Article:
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Why Government Should Care about Google's Skybox Acquisition

Marcio Jose Sanchez/AP

A.J. Clark is CEO of Thermopylae Sciences and Technology. 

Google's recently announced acquisition of Skybox sparked a wave of media coverage and punditry, but much of the focus has been on "why" Google would want to buy the satellite imaging company. The tech industry says it’s a space land grab ahead of Facebook. The finance industry claims it's a commodity advantage play. The consumer watchdogs say it's a privacy issue.

While the purchase may be a bit of all those things, I think the more important question for government agencies and commercial companies who use satellite imagery is "how." How will this move business forward? We should be looking at the added value for business intelligence. Getting an image once a year is one thing, but getting an analytical image several times a day is game changing. Imagine the value in being able to look at energy shipments, traffic patterns, weather changes, vegetation growth, ocean habitats and military activity delivered several times a day.

Frequency is the first key, and the Skybox acquisition opens that door. Images are projected to be delivered twice a day by 2016, when the company will have six satellites in the air. By 2018, Skybox will have 24 satellites in the sky, delivering visuals three times a day from around the globe. What becomes possible are things like daily visual crop reports from around the world, competitive retail intelligence that looks at customer activity around a store several times a day and traffic patterns in a metropolitan area organized by hours.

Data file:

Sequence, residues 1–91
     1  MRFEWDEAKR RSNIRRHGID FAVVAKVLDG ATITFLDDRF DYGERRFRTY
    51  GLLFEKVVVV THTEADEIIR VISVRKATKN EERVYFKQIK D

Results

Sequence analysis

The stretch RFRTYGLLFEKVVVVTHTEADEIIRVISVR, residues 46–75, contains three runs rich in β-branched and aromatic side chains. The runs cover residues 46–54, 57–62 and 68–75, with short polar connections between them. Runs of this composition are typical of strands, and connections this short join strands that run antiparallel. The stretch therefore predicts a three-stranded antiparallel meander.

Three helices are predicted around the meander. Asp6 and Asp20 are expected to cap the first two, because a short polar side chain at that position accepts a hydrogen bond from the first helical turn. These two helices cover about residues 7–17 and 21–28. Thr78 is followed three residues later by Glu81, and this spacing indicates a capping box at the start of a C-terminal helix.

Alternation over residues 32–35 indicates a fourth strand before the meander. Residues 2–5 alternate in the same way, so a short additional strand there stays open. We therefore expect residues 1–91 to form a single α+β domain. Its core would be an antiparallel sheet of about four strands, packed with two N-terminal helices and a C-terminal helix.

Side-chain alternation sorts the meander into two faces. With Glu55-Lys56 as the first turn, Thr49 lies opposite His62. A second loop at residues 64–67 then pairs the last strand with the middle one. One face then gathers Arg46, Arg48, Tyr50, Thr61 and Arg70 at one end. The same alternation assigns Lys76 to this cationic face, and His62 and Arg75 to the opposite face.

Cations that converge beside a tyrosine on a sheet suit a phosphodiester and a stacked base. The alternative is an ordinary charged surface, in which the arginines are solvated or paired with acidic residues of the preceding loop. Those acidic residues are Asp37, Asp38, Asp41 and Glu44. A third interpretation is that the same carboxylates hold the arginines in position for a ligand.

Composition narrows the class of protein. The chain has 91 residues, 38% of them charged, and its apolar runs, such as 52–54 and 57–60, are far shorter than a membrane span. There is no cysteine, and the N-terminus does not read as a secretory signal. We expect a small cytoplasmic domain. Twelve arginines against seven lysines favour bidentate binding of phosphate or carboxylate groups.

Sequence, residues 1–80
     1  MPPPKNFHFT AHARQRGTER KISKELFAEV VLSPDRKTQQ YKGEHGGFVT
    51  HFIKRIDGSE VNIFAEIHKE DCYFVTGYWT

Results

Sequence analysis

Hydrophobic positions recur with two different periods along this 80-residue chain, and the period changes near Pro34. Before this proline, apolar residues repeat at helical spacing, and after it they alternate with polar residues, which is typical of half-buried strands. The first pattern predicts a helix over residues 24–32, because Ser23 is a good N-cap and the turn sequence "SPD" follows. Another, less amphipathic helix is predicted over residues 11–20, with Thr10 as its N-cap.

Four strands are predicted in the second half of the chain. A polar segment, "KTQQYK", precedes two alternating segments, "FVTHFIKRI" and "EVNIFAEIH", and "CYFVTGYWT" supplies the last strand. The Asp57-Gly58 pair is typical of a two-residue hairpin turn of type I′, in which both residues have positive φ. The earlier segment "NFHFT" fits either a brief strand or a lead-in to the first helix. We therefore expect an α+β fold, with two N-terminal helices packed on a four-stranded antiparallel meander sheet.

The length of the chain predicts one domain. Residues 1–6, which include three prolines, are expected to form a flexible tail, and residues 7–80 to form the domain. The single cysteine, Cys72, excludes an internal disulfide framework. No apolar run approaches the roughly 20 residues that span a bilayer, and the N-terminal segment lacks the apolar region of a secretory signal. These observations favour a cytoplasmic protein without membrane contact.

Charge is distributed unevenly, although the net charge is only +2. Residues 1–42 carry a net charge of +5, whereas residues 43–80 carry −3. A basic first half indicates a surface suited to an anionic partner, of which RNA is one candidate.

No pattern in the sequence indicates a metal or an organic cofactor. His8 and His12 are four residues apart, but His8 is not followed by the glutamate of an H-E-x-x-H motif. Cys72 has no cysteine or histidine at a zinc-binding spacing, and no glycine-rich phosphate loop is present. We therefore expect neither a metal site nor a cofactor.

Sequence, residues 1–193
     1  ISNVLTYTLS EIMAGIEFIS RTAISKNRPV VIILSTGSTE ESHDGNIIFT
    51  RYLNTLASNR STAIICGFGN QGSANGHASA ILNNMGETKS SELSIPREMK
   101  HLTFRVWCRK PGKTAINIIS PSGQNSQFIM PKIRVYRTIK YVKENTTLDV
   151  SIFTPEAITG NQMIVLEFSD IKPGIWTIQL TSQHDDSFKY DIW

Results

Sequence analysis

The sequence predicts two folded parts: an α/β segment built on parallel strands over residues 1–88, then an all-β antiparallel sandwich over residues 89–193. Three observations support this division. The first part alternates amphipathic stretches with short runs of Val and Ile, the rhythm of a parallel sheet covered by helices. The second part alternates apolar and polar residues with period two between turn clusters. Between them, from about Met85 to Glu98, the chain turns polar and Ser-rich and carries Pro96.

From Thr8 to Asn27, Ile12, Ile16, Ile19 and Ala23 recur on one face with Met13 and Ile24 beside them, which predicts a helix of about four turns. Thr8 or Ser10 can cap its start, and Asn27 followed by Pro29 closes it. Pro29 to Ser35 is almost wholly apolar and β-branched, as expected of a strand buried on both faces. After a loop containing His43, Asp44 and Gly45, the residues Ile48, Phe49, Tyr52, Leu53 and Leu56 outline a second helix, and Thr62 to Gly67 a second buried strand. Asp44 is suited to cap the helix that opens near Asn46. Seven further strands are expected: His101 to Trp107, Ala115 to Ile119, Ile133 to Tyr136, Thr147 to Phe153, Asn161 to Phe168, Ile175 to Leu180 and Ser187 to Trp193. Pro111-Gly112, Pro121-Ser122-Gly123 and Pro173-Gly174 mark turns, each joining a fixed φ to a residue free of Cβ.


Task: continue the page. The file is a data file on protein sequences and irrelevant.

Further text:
The second part of the equation is analytics. Real-time visual data is extremely valuable in solving real-world problems. However, taken alone, visual data is just like any other data; it's interesting, but just another set of pictures or figures. Using custom software, we can combine visual data with other data to figure out crop yields, determine retail-staffing needs or enable precision infrastructure planning.

This acquisition also opens the door to significant cost savings for federal agencies and the private sector. Satellite imagery is no longer a classified commodity that requires the enormous expense of a government agency launching a satellite. At first glance, that may not sound like a positive step for government groups involved in the older classified imaging world, but it is. The benefits are better access to new imagery, higher collection rates, and the use of Google's map platforms and cloud to slash costs. Costs could decrease as much as 100 times the current rate. That means even the "little guy” -- smaller businesses, government agencies and budding defense contractors -- can afford to adopt visual data and analytics.

In the financial world, everyone purchases and reads The Wall Street Journal because they need that information. What Google is doing with its imagery and mapping is building out the same kind of repository of visual business information many now realize as a necessity to do business.

Another point to note is that Google's Skybox acquisition shows the commitment of the private sector to geospatial intelligence and doing business in this visually enabled way going forward. Skybox adds a more global aerial view that complements Google's purchase of ImageAmerica, a mostly U.S. aerial collection company. Overall, the $2 billion global commercial satellite imagery industry is booming, expected to grow by 14 percent through 2019.

We are at a tipping point with imagery analytics. It's analogous to the transition from the era of giant government and IBM corporate computers where only a few people had access to that computing power to the move to personal computers in the living room where almost everyone has access.

There will be a learning curve, for sure. But now is the time to take a look at what imagery and analytics are available, what's going to be available soon and how can it be applied to any-sized private or government business. The possibilities are limited only by imagination. Don't forget, though, it's called "first-mover advantage" for a reason.

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